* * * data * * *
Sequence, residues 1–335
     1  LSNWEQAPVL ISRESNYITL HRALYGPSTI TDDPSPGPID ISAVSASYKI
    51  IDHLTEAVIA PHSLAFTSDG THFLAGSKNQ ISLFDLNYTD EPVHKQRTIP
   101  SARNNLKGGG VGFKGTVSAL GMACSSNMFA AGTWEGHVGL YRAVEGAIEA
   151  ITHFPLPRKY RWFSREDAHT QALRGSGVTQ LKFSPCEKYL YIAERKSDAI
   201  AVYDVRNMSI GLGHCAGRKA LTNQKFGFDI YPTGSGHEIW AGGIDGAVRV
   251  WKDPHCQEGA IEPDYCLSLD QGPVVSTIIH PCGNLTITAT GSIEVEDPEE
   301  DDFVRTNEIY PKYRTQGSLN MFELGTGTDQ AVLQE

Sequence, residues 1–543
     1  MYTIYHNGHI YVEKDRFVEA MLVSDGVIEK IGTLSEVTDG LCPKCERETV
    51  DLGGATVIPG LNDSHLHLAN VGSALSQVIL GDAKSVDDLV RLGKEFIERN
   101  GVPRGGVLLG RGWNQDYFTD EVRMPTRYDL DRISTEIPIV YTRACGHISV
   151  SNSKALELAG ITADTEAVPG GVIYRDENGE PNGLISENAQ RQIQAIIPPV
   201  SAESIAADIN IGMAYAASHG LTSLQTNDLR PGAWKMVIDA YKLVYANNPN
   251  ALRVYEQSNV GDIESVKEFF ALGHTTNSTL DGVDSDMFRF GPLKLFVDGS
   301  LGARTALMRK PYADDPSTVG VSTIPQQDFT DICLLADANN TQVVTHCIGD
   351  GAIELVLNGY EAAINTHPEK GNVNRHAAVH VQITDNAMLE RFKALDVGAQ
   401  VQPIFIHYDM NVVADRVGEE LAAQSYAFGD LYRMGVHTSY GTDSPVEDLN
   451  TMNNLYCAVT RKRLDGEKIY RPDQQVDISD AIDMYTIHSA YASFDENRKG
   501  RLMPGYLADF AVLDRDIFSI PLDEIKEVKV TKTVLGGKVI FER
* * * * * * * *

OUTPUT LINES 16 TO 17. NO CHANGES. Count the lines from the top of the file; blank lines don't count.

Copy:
   301  LGARTALMRK PYADDPSTVG VSTIPQQDFT DICLLADANN TQVVTHCIGD
   351  GAIELVLNGY EAAINTHPEK GNVNRHAAVH VQITDNAMLE RFKALDVGAQ